In the wake of the most recent reorganization of industry classifications, the already depleted technology sector will lose even more enterprises, increasing stock concentration to record heights.
In 2018, the Global Industry Classification Standards (GICS) framework categorized Facebook (now Meta), Netflix, Twitter, Snap, and Alphabet, the parent company of Google, as communication services firms. With Amazon already classified as a consumer discretionary firm, only Apple remained technically a tech stock among the notorious five FAANGs.
So Visa and Mastercard, two of the five largest surviving technology businesses, will be reclassified as financials with PayPal and Fiserv, but Automatic Data Processing and PayChex will be transferred to industrials.
Apple and Microsoft, which currently account for a combined 44.4% of the S&P 500 Information Technology sector, will now account for over 50% of the sector.
“The modifications strengthen our unfavorable opinion of technology exchange-traded funds, which will become increasingly concentrated. We favor sector ETFs with equal weighting, according to experts at BofA Securities.
Yet, the effect will vary considerably from fund to fund. The $158bn Invesco QQQ ETF (QQQ), which is commonly seen as a technology fund, will be unaffected since it invests in the largest non-financial Nasdaq-listed firms regardless of industry, including PepsiCo, Walgreens Boots Alliance, and Marriott International.
According to statistics from Morningstar Direct, the ramifications for the $49bn Vanguard Information Technology ETF (VGT) and the $40.1bn Technology Select Sector SPDR ETF (XLK), the world’s two largest sector ETFs, may vary, in part, because they are already as concentrated as US laws allow.
According to the US Internal Revenue Code, regulated investment companies, which include funds, must ensure that no more than 25% of their assets are invested in a single issuer or company at the end of each quarter and that the total weight of all issuers representing more than 5% of the fund does not exceed 50%.
Apple, Microsoft, and Nvidia, the third-largest surviving technology business, have a combined weighting of 50.45% of the S&P 500 Technology Select Sector Index monitored by XLK, while Apple’s weighting is 23.04 %.
This implies that their weight cannot increase following the recalculation, which will take place for S&P indexes after the close of trade on March 17.
Thus, the index and any fund that tracks it, such as XLK, will underweight the big three relatives to their underlying market capitalizations and overweight the other technology firms, led by Broadcom, Cisco Systems, and Salesforce.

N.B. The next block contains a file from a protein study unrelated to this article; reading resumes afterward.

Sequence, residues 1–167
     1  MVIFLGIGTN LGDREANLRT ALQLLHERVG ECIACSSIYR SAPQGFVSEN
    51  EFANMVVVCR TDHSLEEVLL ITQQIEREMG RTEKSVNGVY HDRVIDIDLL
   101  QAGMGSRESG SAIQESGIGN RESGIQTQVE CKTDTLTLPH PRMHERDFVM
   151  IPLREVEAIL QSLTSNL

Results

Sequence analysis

Matthew Bartolini, head of SPDR Americas research at State Street Global Advisors, described the modifications as “quite minimal in terms of weighting, and the fund will continue to have a highly diversified exposure to the technology sector.”
VGT, on the other hand, follows small and mid-cap tech equities in addition to the blue-chip stocks in the S&P 500, so its exposure to the larger corporations is significantly diminished.
As of January 31, the most recent date for which data is available, VGT’s aggregate exposure to Apple, Microsoft, and Nvidia was 43.6%, allowing it potential to grow when MSCI (whose index VGT monitors) implements the GICS revisions in May.
Hence, VGT’s exposures will likely align with the underlying market capitalizations, but they will become increasingly concentrated in a few stocks.
Vanguard stated that it was currently analyzing the potential impact on its funds, but that “GICS adjustments will have little effect on investors in widely diversified equities funds such as Total Stock Market Index or 500 Index.”
The iShares US Technology ETF (IYW), which tracks a variation of the Russell 1000 Technology index, follows a different path. Instead of adhering to the GICS structure, FTSE Russell utilizes its own Industry Classification Benchmark.
As a result, IYW invests in firms such as Meta, Google, and Pinterest that are off-limits to VGT and XLK. The next GICS adjustments will lessen the gap, as FTSE Russell does not categorize Visa and Mastercard as technology equities (they are instead classified as the two largest industrial businesses in the United States). Please utilize the sharing options accessible via the share button located at the top or side of each story. Copying articles for distribution is a violation of the FT.com Terms and Conditions and Copyright Policy. Send an email to [email protected] to purchase additional rights. With the gift article service, subscribers may send up to 10 or 20 articles each month to friends and family. The effects of the GICS reorganization will continue to spread. BofA predicts this will result in a net sale of the payment giants, with tech funds selling $15 billion worth of shares and financials funds purchasing only $11 billion.
Visa and Mastercard are on course to become the second- and fourth-largest companies, respectively, in the S&P 500 financials sector, with a combined market capitalization of about $800 billion.
Bartolini backed the move of Visa and Mastercard, stating that, given their ties to the financial industry, they “should probably be in financials.” According to our talks with investors, this shift is quite well received,” he noted.
About the association of the FAANGs moniker with technology, Bartolini stated, “It’s catchy, it grabbed on, and it might lead to confusion.”